Employers can choose to pay the remaining 20 per cent of people’s wages, although they are not obliged to do so.
Likewise, for those on more than £2,500 a month, they can choose to ‘top-up’ what they get to match or get closer to their salary.
People must continue to pay income tax and national insurance contributions while on furlough. Employers are not allowed to ask them to do any work though.
What’s changing with the furlough scheme?
Furloughing workers is currently an all or nothing affair. A business that furloughs a member of staff is not meant to ask them to do any work whatsoever.
Until the end of July, the scheme will not change at all from this current status, but after that companies will be able to try to phase workers back in.
Firms will be expected to pick up some of the tab when they do this, easing the cost of furloughing for the taxpayer.
Mr Sunak said: ‘From August to October, the scheme will continue for all sectors and regions of the UK but with greater flexibility to support the transition back to work.
‘Employers currently using the scheme will be able to bring furloughed employees back part-time.
‘And we we will ask employers to start sharing with the Government the cost of paying people’s salaries. Full details will follow by the end of May.’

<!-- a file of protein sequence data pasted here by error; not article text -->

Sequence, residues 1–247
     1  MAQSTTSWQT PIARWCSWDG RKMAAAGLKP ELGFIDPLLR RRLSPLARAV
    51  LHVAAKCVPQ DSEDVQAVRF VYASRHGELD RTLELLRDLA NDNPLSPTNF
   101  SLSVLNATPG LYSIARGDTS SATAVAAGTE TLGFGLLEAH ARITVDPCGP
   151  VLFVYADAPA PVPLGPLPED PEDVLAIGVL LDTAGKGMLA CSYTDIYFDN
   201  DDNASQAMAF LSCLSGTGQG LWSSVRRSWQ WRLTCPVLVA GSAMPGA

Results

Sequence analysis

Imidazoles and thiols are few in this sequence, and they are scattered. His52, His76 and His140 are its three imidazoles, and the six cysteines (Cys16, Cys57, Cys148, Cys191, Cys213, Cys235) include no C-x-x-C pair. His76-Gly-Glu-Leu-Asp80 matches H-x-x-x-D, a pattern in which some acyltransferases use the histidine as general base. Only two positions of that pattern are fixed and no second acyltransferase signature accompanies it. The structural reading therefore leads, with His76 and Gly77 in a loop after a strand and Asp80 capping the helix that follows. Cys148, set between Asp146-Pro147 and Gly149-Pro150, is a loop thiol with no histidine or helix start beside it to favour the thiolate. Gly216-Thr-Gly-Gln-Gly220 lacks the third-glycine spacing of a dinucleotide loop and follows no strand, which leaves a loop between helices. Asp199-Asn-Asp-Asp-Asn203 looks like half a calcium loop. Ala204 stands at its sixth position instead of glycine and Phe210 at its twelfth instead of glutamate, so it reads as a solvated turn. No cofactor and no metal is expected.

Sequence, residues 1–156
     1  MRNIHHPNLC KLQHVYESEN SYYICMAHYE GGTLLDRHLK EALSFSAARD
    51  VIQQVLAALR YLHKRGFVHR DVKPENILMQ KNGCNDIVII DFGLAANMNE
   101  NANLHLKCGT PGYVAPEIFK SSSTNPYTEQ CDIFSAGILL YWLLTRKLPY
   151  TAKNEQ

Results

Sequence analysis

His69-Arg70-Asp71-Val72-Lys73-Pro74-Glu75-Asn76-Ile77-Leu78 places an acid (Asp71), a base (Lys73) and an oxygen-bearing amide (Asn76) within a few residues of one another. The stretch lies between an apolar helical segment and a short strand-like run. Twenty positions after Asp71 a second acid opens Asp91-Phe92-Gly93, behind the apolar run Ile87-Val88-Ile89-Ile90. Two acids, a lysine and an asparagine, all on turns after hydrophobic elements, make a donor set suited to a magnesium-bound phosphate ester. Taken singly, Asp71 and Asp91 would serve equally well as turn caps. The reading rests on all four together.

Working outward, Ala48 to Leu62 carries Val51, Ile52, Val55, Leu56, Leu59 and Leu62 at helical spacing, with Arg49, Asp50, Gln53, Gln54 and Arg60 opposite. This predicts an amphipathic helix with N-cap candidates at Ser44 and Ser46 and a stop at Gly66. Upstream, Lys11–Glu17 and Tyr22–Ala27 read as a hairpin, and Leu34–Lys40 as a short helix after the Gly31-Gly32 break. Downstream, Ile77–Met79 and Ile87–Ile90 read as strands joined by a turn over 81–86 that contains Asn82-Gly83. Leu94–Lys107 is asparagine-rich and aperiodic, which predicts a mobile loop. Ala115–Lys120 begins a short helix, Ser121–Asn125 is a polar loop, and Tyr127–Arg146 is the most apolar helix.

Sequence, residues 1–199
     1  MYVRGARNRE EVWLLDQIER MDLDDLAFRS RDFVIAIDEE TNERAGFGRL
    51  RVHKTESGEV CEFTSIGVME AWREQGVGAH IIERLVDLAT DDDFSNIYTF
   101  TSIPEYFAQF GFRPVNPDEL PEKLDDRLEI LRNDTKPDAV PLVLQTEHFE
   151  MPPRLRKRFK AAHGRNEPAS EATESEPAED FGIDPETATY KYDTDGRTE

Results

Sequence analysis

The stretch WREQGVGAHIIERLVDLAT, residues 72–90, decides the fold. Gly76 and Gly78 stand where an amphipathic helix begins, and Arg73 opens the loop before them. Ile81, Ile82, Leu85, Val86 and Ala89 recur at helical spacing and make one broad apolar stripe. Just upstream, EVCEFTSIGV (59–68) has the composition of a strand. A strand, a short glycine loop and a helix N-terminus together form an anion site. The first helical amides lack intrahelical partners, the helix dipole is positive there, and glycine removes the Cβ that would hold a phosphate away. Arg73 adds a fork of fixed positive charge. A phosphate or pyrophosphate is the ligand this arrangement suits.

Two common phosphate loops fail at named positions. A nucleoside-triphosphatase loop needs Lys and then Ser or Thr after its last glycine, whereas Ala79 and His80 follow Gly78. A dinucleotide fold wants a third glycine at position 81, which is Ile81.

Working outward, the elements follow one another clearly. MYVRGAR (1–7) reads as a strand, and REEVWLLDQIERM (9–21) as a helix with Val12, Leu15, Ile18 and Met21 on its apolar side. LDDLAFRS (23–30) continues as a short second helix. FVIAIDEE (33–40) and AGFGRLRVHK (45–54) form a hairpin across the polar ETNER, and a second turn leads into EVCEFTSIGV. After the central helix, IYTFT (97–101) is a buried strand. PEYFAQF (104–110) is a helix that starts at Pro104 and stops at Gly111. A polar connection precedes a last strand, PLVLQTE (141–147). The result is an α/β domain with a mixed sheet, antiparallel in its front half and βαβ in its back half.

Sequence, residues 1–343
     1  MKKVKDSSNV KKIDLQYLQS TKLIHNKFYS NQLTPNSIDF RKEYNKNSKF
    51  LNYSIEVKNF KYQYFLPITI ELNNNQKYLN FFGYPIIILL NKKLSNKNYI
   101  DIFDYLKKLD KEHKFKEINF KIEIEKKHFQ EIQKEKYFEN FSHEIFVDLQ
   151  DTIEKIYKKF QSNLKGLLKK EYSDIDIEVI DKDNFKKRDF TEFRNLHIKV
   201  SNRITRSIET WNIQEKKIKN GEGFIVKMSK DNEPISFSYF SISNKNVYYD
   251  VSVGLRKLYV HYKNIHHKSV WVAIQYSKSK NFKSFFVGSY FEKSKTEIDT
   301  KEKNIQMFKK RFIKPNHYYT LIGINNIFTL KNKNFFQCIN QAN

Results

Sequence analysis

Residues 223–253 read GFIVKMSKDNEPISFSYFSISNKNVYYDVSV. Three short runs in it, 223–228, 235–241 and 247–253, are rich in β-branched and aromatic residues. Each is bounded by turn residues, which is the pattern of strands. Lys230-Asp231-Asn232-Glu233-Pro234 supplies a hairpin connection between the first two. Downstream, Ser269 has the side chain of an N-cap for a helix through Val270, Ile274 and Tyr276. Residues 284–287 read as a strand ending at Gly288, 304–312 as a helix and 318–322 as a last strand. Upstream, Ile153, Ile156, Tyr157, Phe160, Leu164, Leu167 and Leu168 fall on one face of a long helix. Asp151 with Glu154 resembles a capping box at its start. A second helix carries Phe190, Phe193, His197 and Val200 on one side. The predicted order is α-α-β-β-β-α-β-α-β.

A gap in the scheme will also be plugged, with workers who started jobs and were paid under PAYE tax between 28 February and 19 March now covered by the scheme.
Why has the furlough scheme been extended?
The furlough scheme was initially due to run until the end of May and this has already been extended once to the end of June.
What is the point of the furlough scheme?
The Government wants the economy to have the best possible chance of picking up when lockdown lifts and sees keeping people in their jobs as the best way of doing this.
Mr Sunak said: ‘Nobody who is on the furlough scheme wants to be on this scheme.
‘People up and down this country believe in the dignity of their work, going to work, providing for their families, it’s not their fault their business has been asked to close or asked to stay at home.’
Despite the spiralling bill, extending the furlough scheme is seen as essential to this.
Today’s announcement provides further clarity for businesses and workers that they will contiunue to be supported through summer and early autumn and that the job retention scheme will pay 80 per cent of wages until the end of October.
It followed the Government’s coronavirus lockdown exit plan, which was published yesterday, and Prime Minister Boris Johnson’s speech on Sunday night, enocouraging more people to go back to work.
However, both the exit plan and speech lacked concrete details of when lockdown would be eased and instead relied on a measure of the coronavirus threat.
With the furlough scheme due to end in six weeks, businesses were concerned that they would not need all their staff if the country was still only in the early stages oif emerging from lockdown, and employees were worried they would soon lose their jobs.
A mass wave of redundancies would deliver a double whammy blow to the economy, as people found themselves struggling to find another job in lockdown and unable to pay mortgages, rent and bills.
Allowing part-time work is seen as one of the ways of cutting the furlough bill – and the Chancellor has opted for that over reducing pay to 60%
Can my employer make me return to work part-time?